Protection of Transgender Rights: "GENDA" Passes Assembly
The bill to protect transgender people under the State Human Rights Law was approved by the Assembly with bi-partisan support. The Gender Expression Non-Discrimination Act (GENDA) which I have been sponsoring since 2003 will now be referred to the State Senate Investigations and Government Operations Committee.
Transgender people - whose gender identity, appearance, behavior or expression differs from their genetic sex at birth - face discrimination in housing, employment, public accommodations and other areas of life, and they are particularly vulnerable to hate crimes. The transgender community is not protected under current state law.
The passage of GENDA is an important and overdue protection of human rights. The experience of transgender individuals, and the discrimination they face, are unique, and should be specifically identified and unambiguously rejected in our State's civil rights laws, just like discrimination based on age, sex, sexual orientation, religion, race, disability, or ethnicity.
Sixteen states, Washington, D.C. and over 140 other localities across the country including Albany, Buffalo, New York City, Rochester, and the counties of Suffolk and Tompkins have already enacted local GENDA laws. The bill has passed the Assembly four times.
The Assembly bill has 54 sponsors, including members of both political parties representing urban, suburban, upstate, and rural New York. State Senator Daniel Squadron sponsors the Senate bill, S6394.
For a full text of the bill, visit: http://assembly.state.ny.us/leg/?default_fld=&bn=A05039&term=2011&Summary=Y&Text=Y
LPC Approves Alteration and Expansion of Hotel Chelsea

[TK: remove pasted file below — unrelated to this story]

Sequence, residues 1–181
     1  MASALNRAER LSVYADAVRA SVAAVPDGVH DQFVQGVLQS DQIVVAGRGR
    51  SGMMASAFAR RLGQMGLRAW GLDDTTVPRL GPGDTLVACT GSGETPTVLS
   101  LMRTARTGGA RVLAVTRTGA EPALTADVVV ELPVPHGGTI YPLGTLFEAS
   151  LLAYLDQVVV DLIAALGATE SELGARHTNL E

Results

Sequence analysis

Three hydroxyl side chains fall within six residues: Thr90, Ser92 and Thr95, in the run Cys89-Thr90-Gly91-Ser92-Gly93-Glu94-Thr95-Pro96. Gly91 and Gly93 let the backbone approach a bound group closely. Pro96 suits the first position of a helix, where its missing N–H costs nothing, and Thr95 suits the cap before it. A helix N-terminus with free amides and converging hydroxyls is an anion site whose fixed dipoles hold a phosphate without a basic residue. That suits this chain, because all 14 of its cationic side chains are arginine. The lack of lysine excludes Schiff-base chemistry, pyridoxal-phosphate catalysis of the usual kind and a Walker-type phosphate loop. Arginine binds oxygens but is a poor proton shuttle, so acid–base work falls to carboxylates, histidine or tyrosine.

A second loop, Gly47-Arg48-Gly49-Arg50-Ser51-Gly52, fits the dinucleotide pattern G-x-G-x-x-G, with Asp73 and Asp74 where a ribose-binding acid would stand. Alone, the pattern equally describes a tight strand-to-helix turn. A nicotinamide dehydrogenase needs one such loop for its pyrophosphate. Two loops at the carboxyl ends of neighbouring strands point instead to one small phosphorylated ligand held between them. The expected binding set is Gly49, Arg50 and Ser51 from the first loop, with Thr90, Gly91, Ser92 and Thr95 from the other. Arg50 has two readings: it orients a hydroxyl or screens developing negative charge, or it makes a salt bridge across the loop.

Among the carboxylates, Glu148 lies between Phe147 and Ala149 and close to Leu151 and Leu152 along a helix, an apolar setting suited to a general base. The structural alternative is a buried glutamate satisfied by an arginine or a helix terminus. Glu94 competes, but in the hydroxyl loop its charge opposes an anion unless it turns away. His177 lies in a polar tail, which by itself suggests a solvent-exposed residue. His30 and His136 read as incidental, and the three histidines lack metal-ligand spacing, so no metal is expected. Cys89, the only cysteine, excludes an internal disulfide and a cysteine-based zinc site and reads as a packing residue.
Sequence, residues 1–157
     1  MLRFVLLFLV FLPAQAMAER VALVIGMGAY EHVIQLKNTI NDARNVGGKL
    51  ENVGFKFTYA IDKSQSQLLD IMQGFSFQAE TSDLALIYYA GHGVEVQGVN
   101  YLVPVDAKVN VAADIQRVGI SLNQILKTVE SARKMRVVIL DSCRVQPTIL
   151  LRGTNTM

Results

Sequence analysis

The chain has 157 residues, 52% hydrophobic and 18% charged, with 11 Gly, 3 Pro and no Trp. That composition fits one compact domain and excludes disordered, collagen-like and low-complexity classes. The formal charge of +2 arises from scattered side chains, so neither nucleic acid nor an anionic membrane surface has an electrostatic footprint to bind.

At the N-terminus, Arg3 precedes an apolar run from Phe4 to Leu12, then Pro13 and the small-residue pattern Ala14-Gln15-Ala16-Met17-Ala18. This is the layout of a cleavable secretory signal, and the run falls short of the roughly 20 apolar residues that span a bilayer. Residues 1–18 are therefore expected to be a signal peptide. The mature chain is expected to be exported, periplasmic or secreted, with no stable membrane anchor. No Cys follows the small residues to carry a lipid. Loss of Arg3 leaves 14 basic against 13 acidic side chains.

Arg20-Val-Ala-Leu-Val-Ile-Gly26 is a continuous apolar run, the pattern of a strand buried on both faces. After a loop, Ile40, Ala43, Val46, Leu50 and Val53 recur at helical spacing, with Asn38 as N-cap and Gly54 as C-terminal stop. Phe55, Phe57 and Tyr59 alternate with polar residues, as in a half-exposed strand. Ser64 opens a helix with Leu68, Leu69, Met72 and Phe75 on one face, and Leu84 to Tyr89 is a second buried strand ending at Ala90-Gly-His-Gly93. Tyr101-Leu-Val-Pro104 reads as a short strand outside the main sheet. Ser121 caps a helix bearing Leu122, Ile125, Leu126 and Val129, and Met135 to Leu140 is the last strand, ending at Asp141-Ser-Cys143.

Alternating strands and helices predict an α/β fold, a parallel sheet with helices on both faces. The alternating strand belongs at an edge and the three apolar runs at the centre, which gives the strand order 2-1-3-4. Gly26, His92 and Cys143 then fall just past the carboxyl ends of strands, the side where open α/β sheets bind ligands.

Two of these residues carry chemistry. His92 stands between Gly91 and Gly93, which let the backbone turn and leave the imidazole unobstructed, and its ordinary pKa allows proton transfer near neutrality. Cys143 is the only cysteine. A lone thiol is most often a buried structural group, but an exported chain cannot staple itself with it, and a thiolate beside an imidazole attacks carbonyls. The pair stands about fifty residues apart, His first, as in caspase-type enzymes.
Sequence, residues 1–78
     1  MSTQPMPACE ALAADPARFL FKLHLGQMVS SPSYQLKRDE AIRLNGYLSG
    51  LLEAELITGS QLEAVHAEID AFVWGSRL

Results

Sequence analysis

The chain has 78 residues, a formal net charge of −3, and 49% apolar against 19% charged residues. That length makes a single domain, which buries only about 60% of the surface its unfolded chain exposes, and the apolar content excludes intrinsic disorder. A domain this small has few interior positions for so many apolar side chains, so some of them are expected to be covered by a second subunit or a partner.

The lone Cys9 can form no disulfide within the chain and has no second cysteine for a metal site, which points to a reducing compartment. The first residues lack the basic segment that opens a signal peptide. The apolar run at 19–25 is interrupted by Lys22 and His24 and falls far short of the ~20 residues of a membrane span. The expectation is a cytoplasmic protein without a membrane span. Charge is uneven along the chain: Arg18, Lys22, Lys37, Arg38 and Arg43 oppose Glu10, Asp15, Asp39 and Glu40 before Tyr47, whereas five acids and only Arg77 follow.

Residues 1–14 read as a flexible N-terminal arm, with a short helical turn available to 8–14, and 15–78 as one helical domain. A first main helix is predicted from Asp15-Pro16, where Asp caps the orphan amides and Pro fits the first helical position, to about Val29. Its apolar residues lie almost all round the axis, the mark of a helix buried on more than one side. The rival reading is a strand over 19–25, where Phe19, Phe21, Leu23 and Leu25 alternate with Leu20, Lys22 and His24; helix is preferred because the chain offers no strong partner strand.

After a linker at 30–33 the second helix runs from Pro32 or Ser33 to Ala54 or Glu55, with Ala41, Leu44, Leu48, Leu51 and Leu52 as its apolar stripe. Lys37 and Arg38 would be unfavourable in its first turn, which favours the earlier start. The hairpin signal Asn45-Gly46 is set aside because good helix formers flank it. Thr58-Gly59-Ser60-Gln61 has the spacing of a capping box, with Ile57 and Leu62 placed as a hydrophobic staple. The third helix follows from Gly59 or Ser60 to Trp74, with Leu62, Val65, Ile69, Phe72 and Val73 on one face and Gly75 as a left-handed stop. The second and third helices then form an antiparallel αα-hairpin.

The sale of the Chelsea Hotel in 2011 has presented the tenants of the building with many issues. The new owners, the Chetrit Group, have begun a full interior renovation and will add an additional story to the roof. It is unclear what Chetrit intents to use the additional story for at this time.
In April, the Chetrit Group applied before the Landmarks Preservation Commission (LPC) to make alterations on the building.
At the LPC hearing, I presented testimony on behalf of US Rep. Nadler, City Council Speaker Quinn, State Senate Duane, and myself imploring the commission to reject the application, which includes a rooftop addition that will be visible from other streets and adversely affect the quality of life for tenants of the Hotel. At the hearing, the commission did not vote and asked the applicant for additional information. The applicant complied quickly and without additional public comment, at its April 24 meeting, the commission voted to approve the expansion and changes to the Hotel.
This is a terribly unfortunate situation. In my statement to Chelsea Now, I called on the Commission to rescind its decision and to hold another proper hearing.
GMHC Launches 27th Annual AIDS Walk New York